‘I do not want to make a painting, I want to open up space’ —L. Fontana
And this really is everything you need to know about Fontana's iconic works. Whether the canvas was punctured or slashed, Fontana's gesture revealed a space that wasn't there before. Or rather, it was, but we couldn't see it. By replacing brushes with blades and punches, Fontana crossed a visual and spiritual frontier, forever shifting the limits of perspective and becoming the undisputed master of spatial infinity. Fontana blurred the lines between painting and sculpting, unearthing a new gestural aesthetic.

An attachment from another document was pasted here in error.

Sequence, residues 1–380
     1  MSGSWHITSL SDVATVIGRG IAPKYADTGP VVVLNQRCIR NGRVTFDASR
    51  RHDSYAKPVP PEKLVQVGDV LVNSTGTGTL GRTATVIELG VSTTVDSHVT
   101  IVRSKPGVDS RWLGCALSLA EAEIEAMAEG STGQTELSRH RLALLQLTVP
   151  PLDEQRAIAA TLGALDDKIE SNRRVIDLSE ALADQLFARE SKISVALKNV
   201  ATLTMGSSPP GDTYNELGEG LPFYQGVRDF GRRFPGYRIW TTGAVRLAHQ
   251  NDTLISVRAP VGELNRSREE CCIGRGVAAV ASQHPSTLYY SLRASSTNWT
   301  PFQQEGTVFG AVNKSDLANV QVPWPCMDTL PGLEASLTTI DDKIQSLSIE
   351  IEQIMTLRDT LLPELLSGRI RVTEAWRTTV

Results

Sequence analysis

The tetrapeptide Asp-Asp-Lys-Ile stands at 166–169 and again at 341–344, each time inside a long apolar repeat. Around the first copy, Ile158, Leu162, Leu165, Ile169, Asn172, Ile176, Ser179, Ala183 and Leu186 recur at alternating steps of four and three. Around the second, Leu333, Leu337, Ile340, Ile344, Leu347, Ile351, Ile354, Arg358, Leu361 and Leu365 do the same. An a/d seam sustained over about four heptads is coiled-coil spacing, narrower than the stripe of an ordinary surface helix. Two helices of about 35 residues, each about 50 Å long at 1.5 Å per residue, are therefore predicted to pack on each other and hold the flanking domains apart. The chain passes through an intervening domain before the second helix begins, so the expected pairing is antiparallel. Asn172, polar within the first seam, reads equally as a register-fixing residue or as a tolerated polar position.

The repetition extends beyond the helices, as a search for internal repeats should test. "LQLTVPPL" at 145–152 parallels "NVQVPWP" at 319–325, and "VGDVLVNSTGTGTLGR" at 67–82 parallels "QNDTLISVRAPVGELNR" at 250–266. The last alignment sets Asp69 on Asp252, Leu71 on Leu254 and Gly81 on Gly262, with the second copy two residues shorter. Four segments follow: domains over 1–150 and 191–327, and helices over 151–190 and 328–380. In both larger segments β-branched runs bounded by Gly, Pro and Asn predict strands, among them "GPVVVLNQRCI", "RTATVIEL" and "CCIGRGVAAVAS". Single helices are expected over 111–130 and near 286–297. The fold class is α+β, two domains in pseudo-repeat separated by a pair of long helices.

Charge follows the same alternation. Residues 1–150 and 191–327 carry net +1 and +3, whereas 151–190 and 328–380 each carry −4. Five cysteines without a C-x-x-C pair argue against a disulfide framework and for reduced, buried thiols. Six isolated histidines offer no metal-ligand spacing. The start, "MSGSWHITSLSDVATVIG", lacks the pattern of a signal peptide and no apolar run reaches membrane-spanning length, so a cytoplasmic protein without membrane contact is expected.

What struck me about this video was the intensity of the intention, if you'll excuse the alliteration. Over the years, I have seen countless Concetti Spaziali, but this was my first time seeing the artist inflict wounds on the canvas. There is an undeniable sexual energy about the artist's proximity to the canvas (or is it just me?), a thoughtful, almost fastidious, engagement in the way he wields his tools violating the material in a breathless crescendo. As he stated in his White Manifesto from 1946, 'matter should be infiltrated by energy to achieve dimensional, dynamic forms of expression.' There is no doubt that Fontana succeeded in his quest to convert matter into energy and invade space beyond the physical limits posed by the picture plane. His work remains timeless, enigmatic and universal.